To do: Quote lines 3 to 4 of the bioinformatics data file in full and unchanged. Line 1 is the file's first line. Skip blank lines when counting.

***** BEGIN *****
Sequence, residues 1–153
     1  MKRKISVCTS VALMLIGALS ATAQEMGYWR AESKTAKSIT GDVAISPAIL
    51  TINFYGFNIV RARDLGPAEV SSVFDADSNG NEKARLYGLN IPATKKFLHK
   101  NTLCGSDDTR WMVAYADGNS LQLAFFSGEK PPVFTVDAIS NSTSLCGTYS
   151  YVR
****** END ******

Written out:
    51  TINFYGFNIV RARDLGPAEV SSVFDADSNG NEKARLYGLN IPATKKFLHK
   101  NTLCGSDDTR WMVAYADGNS LQLAFFSGEK PPVFTVDAIS NSTSLCGTYS